When embattled LA Clippers owner Donald Sterling made racist remarks he was almost immediately chastised by the public even though he was part of the elite rich of California. After only hours of deliberation the National Basketball Association banned him from life and fined him $2.5 Million for comments he made in his own home that what he thought was a private conversation.
Just a year ago Paula Deen admitted to using a racial remark in her past that was somewhere around 50 years ago, and was overly apologetic about it. The comment was made decades previously before her fame for cooking, and was spoken in frustration over being robbed. However, she lost almost every endorsement and television deal with her name on it.
However, when Richard Petty has used sexist remarks against Danica Patrick repeatedly and unapologetically he has not even received as much as a raised eyebrow by the news organizations or NASCAR. This leads me to question whether sexism is being accepted as the standard in our nation’s only premier sports league that is open to both sexes. No other sport to include tennis, football, basketball, baseball, soccer, golf, or even beach volleyball are integrated with men and women competing on a level playing field as they are in NASCAR. But just as this behavior is appalled in the board rooms of our top companies so must it be in our sporting events.
Regardless of the number of NASCAR championships he has won, or that he is considered “the King” he has no right to question the skill of the only woman competing in NASCAR’s highest series. His cars and male drivers have not performed any better than she has, but they unlike her have not had to endure the national spot light or ridicule for mediocre performance. According to NASCAR and ESPN, he went on to say that the only way she would win a race is if everyone else were to not show up, and that he is proven not to be a sexist because he had been married to the same woman for 55 years until the recent passing of his beloved wife Linda. Just as the entire sport mourned her passing, we should be praising Danica’s fortitude and perseverance.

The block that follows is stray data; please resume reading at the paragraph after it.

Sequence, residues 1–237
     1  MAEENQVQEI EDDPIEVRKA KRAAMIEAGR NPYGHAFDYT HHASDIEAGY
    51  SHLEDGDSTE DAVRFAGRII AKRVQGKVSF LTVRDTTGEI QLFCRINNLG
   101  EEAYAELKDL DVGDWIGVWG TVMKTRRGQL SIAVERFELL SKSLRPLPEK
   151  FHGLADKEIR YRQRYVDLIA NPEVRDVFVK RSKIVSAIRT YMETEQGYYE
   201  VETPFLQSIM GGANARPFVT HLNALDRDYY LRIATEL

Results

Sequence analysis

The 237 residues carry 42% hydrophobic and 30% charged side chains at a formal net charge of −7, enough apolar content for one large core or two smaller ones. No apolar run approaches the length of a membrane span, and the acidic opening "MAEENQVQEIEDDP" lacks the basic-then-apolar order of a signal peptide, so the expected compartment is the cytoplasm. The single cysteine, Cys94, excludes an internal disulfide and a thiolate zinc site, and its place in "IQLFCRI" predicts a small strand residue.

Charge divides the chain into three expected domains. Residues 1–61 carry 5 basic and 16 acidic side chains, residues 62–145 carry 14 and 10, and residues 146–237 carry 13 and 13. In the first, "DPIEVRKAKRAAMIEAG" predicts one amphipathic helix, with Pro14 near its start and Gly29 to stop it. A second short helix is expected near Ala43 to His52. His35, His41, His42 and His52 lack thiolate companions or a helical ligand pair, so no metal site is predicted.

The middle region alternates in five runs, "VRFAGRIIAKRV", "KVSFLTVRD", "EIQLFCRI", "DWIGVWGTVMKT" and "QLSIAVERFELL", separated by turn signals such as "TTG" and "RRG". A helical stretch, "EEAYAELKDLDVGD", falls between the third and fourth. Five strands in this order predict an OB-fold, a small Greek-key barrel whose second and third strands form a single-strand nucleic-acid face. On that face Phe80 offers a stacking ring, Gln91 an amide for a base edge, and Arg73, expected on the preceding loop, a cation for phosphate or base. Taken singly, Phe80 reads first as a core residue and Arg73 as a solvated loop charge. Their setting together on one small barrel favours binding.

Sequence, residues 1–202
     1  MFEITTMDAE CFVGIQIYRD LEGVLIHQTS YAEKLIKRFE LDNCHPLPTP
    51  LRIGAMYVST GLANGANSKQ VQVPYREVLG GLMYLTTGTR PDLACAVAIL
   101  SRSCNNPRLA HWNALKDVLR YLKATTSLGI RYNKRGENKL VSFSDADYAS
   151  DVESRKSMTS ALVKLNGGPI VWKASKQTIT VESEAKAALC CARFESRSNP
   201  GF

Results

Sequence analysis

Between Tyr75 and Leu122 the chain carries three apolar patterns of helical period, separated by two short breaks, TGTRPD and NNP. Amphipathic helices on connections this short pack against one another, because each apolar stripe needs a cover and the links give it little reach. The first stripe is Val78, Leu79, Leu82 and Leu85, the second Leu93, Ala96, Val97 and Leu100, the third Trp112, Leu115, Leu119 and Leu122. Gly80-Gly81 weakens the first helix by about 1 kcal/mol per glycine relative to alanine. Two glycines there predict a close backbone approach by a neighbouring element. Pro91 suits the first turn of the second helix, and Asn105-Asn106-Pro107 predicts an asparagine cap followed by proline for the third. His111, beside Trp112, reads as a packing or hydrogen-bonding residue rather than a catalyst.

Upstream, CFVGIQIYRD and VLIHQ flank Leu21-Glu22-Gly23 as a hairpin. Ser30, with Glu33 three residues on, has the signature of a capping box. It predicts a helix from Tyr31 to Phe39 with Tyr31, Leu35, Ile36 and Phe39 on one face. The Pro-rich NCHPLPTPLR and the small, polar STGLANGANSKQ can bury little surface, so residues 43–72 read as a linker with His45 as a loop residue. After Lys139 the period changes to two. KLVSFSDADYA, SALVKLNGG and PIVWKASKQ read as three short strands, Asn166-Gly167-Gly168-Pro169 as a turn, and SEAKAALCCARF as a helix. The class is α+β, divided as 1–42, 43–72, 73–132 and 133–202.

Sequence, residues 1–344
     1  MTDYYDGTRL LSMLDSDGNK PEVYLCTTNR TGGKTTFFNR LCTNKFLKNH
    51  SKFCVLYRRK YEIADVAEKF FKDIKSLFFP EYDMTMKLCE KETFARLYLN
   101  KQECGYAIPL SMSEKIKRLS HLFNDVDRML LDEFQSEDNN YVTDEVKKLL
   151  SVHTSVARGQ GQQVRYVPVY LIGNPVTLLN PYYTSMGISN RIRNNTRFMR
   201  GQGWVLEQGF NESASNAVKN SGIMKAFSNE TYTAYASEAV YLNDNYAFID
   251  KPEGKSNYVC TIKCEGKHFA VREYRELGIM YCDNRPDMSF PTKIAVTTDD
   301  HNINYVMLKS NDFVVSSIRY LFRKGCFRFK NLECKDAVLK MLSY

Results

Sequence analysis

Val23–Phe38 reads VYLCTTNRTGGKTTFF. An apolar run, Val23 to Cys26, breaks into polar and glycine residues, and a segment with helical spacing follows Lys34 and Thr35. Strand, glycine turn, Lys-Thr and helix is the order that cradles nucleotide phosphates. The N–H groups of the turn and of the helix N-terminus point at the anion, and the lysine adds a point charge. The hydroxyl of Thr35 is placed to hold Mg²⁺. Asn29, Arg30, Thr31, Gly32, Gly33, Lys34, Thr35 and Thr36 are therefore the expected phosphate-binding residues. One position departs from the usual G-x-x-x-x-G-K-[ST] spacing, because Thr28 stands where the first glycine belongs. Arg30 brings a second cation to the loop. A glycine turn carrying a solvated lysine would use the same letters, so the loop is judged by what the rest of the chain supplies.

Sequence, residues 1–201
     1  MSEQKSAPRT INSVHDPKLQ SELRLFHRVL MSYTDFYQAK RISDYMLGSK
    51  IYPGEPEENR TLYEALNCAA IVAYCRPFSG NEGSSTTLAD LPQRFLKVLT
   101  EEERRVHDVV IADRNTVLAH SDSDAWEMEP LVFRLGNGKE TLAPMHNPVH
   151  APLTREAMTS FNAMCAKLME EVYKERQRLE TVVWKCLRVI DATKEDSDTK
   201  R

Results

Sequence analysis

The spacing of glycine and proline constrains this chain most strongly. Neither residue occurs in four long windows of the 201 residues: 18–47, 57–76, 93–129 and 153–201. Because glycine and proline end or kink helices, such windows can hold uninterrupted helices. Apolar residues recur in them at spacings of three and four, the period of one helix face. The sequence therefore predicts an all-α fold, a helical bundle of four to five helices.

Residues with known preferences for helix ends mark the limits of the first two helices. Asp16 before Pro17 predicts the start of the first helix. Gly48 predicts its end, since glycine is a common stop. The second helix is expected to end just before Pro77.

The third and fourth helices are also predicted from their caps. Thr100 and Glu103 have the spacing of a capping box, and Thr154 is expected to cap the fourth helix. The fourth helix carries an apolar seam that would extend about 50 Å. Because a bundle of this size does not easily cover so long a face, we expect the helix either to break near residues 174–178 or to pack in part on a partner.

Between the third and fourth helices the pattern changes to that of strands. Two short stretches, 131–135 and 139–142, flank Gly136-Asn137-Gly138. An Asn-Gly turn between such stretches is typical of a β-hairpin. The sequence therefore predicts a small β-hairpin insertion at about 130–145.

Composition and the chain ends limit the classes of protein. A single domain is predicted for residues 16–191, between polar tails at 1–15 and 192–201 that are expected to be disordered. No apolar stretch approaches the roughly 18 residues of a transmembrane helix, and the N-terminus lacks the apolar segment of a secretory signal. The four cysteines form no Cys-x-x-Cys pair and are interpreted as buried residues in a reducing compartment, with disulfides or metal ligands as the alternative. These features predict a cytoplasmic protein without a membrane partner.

What Mr. Petty is failing to understand is that if she were just a number of in a pool of other female drivers his comments may be taken as constructive criticism of a Hall of Fame Driver. But under these circumstances, she is the only one and his comments are not constructive but hurtful to all parties and the sport of racing itself. There may come a day when a woman can compete in NASCAR without the sexual overtones of being the only female driver. But that is not now, and in my opinion we need to be supportive of every qualified woman driver and of the only integrated sport where all people can compete regardless of race or gender.